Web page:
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International Journal of Biometeorology

, Volume 14, Issue 4, pp 323–342 | Cite as

Vital issues in computing decompression schedules from fundamentals

II. Diffusion Versus Blood Perfusion in Controlling Blood: Tissue Exchange
  • B. A. Hills
Article

Abstract

The review has been continued of the vital issues which must be answered in deriving equations for predicting the imminence of decompression sickness from fundamental physical and physiological reasoning. In this part (II), the evidence is considered for deciding whether diffusion or blood perfusion limits the rate of uptake of inert gases by the tissue type(s) responsible for marginal symptoms. This is also discussed with regard to tissues of known anatomic identity relevant to estimations of the uptake of anaesthetic agents and the measurement of local circulation rates. While this data would indicate that neither process can be ignored, the best correlation of decompression data which can be isolated from the effects of the other vital issues would appear to be offered by bulk diffusion models. The conventional method for computing decompression schedules can then be considered as a calculation technique by which hypothetical tissues of longer "half-time" must be invoked empirically in order to simulate deeper penetration of extravascular tissue by gas.

Keywords

Decompression Sickness Blood Perfusion Deep Penetration Bulk Diffusion Circulation Rate 
These keywords were added by machine and not by the authors. This process is experimental and the keywords may be updated as the learning algorithm improves.

Zusammenfassung

Dies ist die Fortsetzung der Übersicht über die Beantwortung der Grundfragen zur Vorhersage drohender Dekompressionskrankheit anhand physikalischer und physiologischer Überlegungen. In diesem Teil wird der Beweis für die Entscheidung berücksichtigt, ob Diffusion oder Blutperfusion die Aufnahmerate inerter Gase durch Gewebe, die für Grenzsymptome verantwortlich sind, limitiert. Dies wird auch unter Bezug auf anatomisch gleiche Gewebe besprochen, was wichtig ist bei der Schätzung der Aufnahme von Anästhetika und der Messung lokaler Zirkulationsraten. Während die Unterlagen andeuten, dass weder der eine noch der andere Vorgang vernachlässigt werden kann, scheinen sich die besten Korrelationen der Dekompressionswerte, die sich aus den Wirkungen anderer vitaler Vorgänge ergeben, über Mengen-Diffusionsmodelle anzubieten. Die konventionale Methode zur Berechnung der Dekompressionszeiten lässt sich dann als Berechnungstechnik betrachten, bei der hypothetische Gewebe mit langer "Halbzeit" empirisch herangezogen werden müssen, um tiefere Gaspenetration extravaskulärer Gewebe zu simulieren.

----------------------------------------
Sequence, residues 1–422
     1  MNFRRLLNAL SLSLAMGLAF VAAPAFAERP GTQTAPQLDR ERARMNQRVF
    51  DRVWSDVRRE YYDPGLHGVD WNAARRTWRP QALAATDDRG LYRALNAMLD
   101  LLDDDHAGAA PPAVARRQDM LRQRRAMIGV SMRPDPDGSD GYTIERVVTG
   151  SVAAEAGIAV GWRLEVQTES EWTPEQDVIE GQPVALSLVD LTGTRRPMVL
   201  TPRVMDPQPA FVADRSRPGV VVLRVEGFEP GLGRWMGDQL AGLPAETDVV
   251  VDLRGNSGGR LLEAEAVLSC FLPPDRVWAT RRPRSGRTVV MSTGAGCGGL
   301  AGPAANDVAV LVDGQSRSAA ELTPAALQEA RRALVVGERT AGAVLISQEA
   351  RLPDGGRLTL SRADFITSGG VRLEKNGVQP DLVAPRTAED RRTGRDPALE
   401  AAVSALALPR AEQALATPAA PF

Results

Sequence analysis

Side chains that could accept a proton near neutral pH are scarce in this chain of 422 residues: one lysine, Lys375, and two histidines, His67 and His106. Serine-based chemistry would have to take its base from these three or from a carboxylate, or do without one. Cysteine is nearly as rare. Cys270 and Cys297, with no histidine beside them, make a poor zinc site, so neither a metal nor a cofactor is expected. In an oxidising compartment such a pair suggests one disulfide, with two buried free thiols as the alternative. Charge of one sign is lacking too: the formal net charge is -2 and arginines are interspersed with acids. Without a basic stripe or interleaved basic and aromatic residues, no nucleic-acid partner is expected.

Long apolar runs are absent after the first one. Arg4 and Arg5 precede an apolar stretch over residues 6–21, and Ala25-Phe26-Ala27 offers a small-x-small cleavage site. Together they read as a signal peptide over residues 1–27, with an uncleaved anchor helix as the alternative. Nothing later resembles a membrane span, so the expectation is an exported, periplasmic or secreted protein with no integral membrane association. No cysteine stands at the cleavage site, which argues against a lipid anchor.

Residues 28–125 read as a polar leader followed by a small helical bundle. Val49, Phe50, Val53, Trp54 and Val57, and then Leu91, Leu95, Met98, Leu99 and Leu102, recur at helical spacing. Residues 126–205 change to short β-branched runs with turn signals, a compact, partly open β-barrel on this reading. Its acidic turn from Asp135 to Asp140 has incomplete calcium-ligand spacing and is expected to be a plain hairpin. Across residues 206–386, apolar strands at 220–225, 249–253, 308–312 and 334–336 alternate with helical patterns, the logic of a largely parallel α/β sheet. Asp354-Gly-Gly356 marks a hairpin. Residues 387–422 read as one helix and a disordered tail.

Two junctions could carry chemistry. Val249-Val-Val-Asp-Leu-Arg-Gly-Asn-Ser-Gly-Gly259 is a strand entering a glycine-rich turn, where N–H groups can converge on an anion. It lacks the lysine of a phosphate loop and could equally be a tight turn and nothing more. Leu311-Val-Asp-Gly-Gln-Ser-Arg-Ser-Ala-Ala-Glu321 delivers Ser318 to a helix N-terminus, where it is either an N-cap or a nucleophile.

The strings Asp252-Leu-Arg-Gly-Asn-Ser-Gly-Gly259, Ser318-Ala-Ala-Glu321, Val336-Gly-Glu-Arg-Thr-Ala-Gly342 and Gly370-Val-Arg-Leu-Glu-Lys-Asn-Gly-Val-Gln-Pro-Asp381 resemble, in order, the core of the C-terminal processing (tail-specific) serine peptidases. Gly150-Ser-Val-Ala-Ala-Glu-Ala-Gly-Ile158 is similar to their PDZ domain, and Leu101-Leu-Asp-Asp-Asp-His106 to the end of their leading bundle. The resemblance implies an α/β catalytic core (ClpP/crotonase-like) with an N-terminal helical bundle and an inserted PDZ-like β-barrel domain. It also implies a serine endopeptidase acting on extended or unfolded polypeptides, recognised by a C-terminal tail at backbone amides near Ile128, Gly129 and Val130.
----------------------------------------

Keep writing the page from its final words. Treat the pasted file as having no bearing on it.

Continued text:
Resume

Il s'agi ici de la suite de la compilation en vue de répondre au problème de la prévision des maux de décompression en partant de raisonnements physiques et physiologiques. Dans cette deuxième partie, on considère les preuves apportées à l'appui de 2 hypothèses de la limitation de l'absorption des gaz inertes par les tissus, absorption responsable des syptômes marginaux: la diffusion ou la perfusion sanguine. On discute également les preuves apportées en regard d'autre tissus anatomiquement semblables, ce qui est important lors de l'estimation de l'absorption des narcotiques et de la mesure du taux local de circulation. Bien que les chiffres analysés laissent à penser que ni l'un ni l'autre de ces processus ne puisse être négligé, il semble que les meilleures corrélations aux valeurs de décompression sont offertes par les modèles de diffusion quantitative, valeurs qui proviennent d'autres processus vitaux. La méthode conventionnelle pour le calcul des temps de décompression peut alors être considérée comme une technique dans laquelle des tissus hypothétiques ayant un long demi-temps doivent être considérés empiriquement pour simuler une pénétration plus profonde des gaz dans des tissus extra-vasculaires.

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Copyright information

© Swets & Zeitlinger N.V. 1970

Authors and Affiliations

  • B. A. Hills
    • 1
  1. 1.Department of SurgeryDuke University Medical CenterDurhamUSA

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